Misconceptions About Farming Big Challange for SC Producer


Wendy Jarrell farms with her husband Doug in Hampton County, South Carolina, and while she doesn’t come from a farming background, she’s embraced the lifestyle and the passion as if she did:

“When I met my husband for the first time, I could sense his passion for the farm and the future growth that he had planned for. Its been a very fun ride.”

The Jarrell’s didn’t inherit a farm, but built their operation and acreage from scratch:

“He started out farming 90 acres of rented acreage and since has grown the farm to almost 2000 acres. He wasn’t fortunate to inherit anything, but has worked very hard to build the farm to where it is today.”

Jarrell explains that there’s a lot of misconceptions about farming:

“Farming is not as easy as it sounds. Some may look at it and say its easy to just get on the tractor and ride. But there is a lot of stress with bills coming in and the fact that you only get paid once a year for your crops. It’s a challenge to balance out the bills throughout the year and be sure you are making the right decisions to better your farm and your family. Its hard at times, but in the end we just hope to have enough and make another year of it.”

As far as marketing their crops, Jarrell says that they’ve gone from hedging to contracting:

“When we first started, we did use futures marketing for selling the crops, pricing and getting contracts in place. But now for the most part, we use pre-contracted marketing. We use Staple Cotton for our cotton yield and we also use contracts for our peanuts as well. This way we know what price we are going to get ahead of time. Sometimes that is plus but others it can be a big minus. It’s a juggling act, but we feel its better for us and brings us less stress throughout the year as far as when to sell.”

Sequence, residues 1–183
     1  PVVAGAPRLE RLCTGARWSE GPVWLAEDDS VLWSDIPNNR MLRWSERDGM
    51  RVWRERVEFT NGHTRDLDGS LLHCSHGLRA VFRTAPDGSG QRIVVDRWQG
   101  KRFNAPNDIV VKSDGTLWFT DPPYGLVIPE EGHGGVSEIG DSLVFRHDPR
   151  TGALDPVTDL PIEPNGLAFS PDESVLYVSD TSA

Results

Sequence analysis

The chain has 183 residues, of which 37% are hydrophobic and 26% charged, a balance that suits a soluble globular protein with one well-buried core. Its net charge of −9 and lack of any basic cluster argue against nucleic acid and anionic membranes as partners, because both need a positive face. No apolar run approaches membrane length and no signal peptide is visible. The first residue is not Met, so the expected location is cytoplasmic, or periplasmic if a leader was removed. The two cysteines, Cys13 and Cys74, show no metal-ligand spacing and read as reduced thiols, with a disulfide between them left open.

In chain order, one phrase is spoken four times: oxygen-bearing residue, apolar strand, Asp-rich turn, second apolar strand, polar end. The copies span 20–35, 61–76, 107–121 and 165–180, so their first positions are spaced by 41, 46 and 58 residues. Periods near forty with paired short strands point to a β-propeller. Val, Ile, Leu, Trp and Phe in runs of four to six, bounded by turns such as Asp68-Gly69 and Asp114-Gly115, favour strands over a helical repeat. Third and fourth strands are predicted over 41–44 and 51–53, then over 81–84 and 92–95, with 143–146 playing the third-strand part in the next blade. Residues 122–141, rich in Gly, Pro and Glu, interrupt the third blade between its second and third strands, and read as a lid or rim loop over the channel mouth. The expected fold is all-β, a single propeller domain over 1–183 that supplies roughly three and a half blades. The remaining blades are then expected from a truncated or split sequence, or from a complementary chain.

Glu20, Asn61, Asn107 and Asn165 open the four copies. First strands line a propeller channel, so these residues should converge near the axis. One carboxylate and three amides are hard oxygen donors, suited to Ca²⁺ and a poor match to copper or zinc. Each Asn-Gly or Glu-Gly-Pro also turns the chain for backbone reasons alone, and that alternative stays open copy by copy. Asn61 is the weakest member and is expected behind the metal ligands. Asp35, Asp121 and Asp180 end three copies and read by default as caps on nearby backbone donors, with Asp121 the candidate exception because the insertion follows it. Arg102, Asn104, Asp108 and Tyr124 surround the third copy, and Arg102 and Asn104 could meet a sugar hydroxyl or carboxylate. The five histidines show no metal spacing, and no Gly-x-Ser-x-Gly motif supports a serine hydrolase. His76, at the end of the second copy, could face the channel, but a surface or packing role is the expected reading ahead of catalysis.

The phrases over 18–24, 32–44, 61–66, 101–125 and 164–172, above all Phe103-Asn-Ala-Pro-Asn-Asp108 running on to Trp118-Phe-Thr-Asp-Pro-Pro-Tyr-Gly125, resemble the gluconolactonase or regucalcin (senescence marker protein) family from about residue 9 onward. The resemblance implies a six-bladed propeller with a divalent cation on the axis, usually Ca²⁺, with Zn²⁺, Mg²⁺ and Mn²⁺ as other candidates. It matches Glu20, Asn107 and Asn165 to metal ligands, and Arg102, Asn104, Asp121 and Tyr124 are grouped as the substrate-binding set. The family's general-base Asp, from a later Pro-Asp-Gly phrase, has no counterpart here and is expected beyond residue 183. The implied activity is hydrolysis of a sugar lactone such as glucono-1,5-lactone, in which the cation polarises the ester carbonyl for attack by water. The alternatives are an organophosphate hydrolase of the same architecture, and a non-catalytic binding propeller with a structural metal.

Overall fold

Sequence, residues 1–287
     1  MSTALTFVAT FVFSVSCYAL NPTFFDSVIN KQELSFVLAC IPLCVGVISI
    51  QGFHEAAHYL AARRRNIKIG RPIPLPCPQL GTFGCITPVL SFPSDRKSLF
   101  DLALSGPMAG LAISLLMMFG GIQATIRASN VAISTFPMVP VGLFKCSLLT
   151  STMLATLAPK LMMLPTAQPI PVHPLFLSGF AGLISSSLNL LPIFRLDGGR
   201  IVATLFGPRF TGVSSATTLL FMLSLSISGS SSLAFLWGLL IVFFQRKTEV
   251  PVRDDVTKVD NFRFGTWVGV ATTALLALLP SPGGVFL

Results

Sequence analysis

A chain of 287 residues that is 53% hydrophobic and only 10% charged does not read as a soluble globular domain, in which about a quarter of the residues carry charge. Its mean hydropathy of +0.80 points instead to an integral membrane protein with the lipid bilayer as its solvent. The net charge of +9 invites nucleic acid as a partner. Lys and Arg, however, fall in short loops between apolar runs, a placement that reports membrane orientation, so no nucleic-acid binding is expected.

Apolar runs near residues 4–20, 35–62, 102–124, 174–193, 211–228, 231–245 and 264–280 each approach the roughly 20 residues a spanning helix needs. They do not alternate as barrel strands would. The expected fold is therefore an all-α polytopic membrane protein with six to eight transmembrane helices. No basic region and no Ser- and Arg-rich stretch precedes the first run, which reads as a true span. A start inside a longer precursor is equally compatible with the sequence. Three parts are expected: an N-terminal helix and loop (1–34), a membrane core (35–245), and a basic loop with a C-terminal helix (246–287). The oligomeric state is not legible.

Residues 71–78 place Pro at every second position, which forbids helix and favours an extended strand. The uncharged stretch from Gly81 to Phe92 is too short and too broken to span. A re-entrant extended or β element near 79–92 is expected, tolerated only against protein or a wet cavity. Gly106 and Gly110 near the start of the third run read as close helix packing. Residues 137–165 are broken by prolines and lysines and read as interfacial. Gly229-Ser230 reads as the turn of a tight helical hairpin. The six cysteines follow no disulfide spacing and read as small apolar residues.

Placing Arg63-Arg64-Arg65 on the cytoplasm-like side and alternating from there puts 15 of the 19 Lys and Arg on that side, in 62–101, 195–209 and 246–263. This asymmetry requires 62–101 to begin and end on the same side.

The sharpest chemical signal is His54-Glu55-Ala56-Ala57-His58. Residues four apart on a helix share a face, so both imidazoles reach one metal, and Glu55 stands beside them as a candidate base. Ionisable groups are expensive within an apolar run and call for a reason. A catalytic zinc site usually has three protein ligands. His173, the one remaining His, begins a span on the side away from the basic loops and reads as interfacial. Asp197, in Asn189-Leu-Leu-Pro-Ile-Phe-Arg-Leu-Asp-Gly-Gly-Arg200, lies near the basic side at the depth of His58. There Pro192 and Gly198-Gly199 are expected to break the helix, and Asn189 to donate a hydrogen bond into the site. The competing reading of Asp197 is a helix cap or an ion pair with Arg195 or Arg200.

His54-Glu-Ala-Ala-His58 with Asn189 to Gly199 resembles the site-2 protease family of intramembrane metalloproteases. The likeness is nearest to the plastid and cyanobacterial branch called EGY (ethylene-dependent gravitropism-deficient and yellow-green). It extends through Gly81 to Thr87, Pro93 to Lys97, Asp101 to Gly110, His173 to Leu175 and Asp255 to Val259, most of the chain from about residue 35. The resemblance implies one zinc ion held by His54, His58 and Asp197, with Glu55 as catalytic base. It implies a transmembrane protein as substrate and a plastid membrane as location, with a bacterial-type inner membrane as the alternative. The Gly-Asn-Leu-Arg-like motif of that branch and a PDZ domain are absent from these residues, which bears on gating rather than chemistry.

Jarrell says that her three children enjoy farm life, and she wouldn’t have it any other way:

“The two older children especially enjoy the farm. My daughter has always enjoyed it and my middle child is adamant that he will be the next generation of our farming family. At six, he loves to get on the tractor. Our youngest is four, and hasn’t gotten into the farming quite yet. All of them do enjoy the different seasons of planting and harvesting, getting on the tractor, and checking fields. It’s a great atmosphere. Our house is right by the farm so they can walk back and forth when my husband is working. It’s really great for our family.”

Jarrell and her husband are active with Farm Bureau in dispelling the myths of agriculture, as well as working with politicians for the good of agriculture:

“The Farm Bureau does so much for us. It has helped us to learn the misconceptions of agriculture that people think of today. Through them we have the knowledge to educate others about those misconceptions. Through the Farm Bureau we have political support that allows us to speak to our politicians about issues that will either directly or indirectly involve us. Its been a big part of our learning experiences and growth in farming.”

Farming is a challenge on any day, but Jarrell says that educating the public is one of the biggest challenges of all:

“One of the biggest challenges facing today’s farmer is the fact that people are misguided on the safety of many farm issues, such as using chemicals and different fertilizers. A lot of the media buzz is not healthy and people are going straight to organic. Through Farm Bureau we are able to learn more about all of the areas of misconception. It’s vital that we as farmers speak up and let people know that we are providing the safest and most affordable food supply for the world. We are very dedicated that that. We don’t want anyone harmed. We want the food and clothing that we provide to be as safe as possible. We are taking all the precautions needed to do that. One of the biggest things farmers face these days is the scrutiny that we are put under as far as different guidelines and if we are actually complying. We want to educate the public that we are in fact doing what is necessary.”

And the learning process never ends:

“We are out here to help the world’s food supply. We continue to educate ourselves and others on the safety and health of your food.”


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